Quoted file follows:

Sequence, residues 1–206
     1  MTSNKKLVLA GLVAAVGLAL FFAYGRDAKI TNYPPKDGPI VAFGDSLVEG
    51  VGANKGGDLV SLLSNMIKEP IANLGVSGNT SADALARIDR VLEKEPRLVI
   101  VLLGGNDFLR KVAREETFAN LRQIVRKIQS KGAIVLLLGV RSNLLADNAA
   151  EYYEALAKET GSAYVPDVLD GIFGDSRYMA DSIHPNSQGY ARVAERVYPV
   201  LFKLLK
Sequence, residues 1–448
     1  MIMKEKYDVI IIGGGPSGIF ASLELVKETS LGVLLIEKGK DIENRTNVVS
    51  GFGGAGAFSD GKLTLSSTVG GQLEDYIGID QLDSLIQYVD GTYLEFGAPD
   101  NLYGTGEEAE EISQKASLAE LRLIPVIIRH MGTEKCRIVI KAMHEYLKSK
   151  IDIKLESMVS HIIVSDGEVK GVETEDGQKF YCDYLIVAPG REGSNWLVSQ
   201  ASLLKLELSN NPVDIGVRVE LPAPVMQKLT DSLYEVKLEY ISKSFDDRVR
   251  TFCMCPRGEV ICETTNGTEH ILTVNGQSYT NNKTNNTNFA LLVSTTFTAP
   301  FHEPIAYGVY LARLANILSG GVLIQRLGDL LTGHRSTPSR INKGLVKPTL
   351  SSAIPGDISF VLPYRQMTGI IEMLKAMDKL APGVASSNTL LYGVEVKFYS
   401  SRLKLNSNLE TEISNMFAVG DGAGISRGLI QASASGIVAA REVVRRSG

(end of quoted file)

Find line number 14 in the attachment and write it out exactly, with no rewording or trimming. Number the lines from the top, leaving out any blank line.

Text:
   301  FHEPIAYGVY LARLANILSG GVLIQRLGDL LTGHRSTPSR INKGLVKPTL